Finding a Quality Breeder
If your heart is set on a Golden Retriever and you don't want to consider rescue or an adult, the first step is to find a breeder who knows what she is doing. Unlike pet stores and unscrupulous breeders - better known as puppy mills, good breeders are careful to breed only healthy dogs with good temperaments. This means that any puppy you get from them has a better chance of turning out to be a good family pet. They also know how to raise their puppies in way that prepares them for life as a family dog. Buying a puppy from a good breeder makes a big difference to the welfare of the breed. Not only does it increase the chance of a positive experience for the puppy buyer, but it strengthens the breed itself by supporting one of its better wardens while denying those trying to profit from the breed's popularity. Buying from a responsible breeder is part of the solution of stopping back yard breeders and puppy mills, but alas it is too easy to get it wrong and become part of the problem.
There are plenty of breeders out there who are uninformed, unscrupulous or both. Take your time and be picky about finding the right one. This involves documentation beyond simple ANKC registration. ANKC registration does not mean anything more than the fact that the sire and dam of your puppy are both golden retrievers. It does NOT indicate health, temperament, structural soundness or breeding quality. The best source of a healthy, well-socialised puppy is a conscientious breeder with a long-term commitment to the breed and a reputation to uphold. Always personally visit the breeder and meet their dogs and find out where the puppy was born and raised. Take your time now to find the right breeder and you'll thank yourself for the rest of your dog's life.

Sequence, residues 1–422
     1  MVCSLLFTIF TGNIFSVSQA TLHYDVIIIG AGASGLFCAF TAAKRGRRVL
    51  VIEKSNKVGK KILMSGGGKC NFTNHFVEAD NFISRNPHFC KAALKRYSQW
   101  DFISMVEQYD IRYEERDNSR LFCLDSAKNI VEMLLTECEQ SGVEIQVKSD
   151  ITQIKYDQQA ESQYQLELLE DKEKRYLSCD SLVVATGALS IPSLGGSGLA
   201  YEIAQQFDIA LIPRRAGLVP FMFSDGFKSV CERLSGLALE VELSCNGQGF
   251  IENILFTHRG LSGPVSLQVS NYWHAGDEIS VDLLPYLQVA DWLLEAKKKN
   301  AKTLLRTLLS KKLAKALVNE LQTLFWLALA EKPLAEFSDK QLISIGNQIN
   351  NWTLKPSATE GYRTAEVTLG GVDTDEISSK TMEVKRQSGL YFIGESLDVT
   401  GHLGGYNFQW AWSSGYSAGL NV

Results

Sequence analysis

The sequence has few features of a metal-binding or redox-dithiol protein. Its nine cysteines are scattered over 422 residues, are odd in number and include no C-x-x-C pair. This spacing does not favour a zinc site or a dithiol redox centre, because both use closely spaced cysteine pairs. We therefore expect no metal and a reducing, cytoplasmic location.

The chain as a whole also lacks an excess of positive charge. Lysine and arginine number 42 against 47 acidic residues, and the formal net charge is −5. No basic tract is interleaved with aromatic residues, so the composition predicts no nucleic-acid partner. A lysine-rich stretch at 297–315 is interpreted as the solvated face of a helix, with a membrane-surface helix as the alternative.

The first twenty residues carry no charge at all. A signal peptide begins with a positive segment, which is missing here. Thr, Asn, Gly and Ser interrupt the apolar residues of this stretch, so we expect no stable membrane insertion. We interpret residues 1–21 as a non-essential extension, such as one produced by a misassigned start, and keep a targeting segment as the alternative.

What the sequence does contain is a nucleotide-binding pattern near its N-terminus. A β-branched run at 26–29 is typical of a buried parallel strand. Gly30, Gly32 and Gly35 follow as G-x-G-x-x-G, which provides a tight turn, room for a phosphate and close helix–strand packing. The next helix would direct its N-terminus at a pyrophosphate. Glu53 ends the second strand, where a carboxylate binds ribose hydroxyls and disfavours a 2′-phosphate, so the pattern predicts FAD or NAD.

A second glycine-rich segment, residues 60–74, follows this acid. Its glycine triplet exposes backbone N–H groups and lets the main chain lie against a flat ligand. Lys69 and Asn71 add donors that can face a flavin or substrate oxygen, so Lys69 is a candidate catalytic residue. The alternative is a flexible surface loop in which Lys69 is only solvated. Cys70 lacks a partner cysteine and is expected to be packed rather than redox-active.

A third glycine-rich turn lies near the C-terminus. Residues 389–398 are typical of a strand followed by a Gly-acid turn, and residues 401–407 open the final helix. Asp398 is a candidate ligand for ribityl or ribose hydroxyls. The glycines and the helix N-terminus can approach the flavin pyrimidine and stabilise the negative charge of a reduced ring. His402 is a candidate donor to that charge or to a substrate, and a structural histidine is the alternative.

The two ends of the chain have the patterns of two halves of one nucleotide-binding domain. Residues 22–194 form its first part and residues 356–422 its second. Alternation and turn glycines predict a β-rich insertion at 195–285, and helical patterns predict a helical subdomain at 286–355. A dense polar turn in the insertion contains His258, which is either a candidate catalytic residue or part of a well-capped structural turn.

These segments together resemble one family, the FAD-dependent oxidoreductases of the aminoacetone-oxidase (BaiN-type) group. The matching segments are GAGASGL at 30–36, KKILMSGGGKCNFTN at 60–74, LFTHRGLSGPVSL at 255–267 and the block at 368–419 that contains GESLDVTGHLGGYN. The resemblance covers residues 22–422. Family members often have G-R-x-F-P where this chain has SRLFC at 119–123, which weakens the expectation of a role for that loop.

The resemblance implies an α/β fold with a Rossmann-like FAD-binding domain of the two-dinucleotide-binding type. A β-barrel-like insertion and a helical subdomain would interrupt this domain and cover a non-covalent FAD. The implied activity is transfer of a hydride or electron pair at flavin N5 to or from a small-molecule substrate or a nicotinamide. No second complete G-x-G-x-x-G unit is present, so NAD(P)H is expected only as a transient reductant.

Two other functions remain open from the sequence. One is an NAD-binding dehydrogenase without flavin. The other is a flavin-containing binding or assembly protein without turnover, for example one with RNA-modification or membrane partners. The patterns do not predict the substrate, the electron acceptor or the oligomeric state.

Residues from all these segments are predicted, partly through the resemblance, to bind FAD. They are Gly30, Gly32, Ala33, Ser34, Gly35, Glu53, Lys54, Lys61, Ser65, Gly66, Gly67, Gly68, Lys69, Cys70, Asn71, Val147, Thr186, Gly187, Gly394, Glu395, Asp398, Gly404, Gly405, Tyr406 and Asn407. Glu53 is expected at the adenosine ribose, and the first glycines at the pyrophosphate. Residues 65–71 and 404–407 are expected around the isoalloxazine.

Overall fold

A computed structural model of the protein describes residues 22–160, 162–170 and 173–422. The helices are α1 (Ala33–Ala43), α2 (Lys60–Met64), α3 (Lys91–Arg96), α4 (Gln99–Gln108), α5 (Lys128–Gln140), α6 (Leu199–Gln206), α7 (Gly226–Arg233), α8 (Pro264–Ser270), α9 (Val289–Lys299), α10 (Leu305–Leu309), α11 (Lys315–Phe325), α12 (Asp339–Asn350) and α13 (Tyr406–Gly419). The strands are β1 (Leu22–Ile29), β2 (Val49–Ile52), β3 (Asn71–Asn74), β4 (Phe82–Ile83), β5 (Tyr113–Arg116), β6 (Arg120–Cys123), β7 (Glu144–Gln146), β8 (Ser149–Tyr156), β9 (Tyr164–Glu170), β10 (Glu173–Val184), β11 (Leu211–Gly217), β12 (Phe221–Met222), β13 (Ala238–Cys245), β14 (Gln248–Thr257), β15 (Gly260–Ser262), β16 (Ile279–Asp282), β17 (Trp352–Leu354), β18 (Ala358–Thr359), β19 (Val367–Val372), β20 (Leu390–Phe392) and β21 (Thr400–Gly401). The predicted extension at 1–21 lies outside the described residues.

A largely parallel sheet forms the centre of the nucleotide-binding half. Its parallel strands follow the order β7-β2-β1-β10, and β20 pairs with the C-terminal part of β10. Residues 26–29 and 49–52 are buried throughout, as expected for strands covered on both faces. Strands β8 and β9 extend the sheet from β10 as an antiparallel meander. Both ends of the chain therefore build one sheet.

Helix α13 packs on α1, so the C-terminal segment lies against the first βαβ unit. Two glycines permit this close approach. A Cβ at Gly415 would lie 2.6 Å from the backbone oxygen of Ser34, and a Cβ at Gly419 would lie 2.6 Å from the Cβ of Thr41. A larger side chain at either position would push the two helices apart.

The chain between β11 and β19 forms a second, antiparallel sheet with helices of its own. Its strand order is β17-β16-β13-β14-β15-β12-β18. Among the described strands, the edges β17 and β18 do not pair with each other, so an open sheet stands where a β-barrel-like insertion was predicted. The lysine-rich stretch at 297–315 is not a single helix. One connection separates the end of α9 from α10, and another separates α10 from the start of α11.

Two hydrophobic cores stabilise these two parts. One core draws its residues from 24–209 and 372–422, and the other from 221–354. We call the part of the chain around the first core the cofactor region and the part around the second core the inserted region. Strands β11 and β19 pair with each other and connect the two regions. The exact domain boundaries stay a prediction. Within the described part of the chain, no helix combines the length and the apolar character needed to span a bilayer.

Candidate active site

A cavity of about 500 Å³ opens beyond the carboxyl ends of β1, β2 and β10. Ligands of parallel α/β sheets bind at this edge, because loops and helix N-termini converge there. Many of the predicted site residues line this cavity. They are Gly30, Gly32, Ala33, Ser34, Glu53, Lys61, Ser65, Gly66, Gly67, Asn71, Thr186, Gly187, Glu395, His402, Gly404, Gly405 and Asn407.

Looking for a way to keep track of all the information you gather in your search for a good breeder - then download the club's "Responsible Dog Breeders Checklist" print one for every breeder you talk to.
Questions to ask a Breeder
Talk to several breeders, so you get a sense of what separates the really dedicated breeder from the so-so one.
The checklist has three sections. The first section is designed to help you rule out breeders that you do not want a puppy from. The second and third sections give you an idea how well the breeder provides for your needs and the needs of their puppies. The more check marks you are able to put in section 2 and 3, the more reputable and responsible the breeder is likely to be. Printing out a checklist for each breeder enables you to keep a detailed record of each breeder as things tend to mix together after talking to a few breeders.
If you like the breeder's answers to all of the above questions and it feels good to interact with the breeder, they can be added to your keeper list. Any that didn’t answer questions to your satisfaction, you didn’t like the answers to their questions or don’t feel right, or maybe don’t come across as knowing their dogs, can be crossed off your list for further consideration.
To help you know what is a good answer and what isn't for each question, there is more detailed information at the following link: Responsible Dog Breeders Checklist and Answers
You can see that quality breeders care about the health and welfare of the pups they produce. It is a very time consuming 24 hour a day job from the time the mother gets pregnant to the time the puppies come home with you, and long after that! They want to see you succeed as much as possible as it makes a good name for their kennel to produce healthy, well-adjusted adult dogs.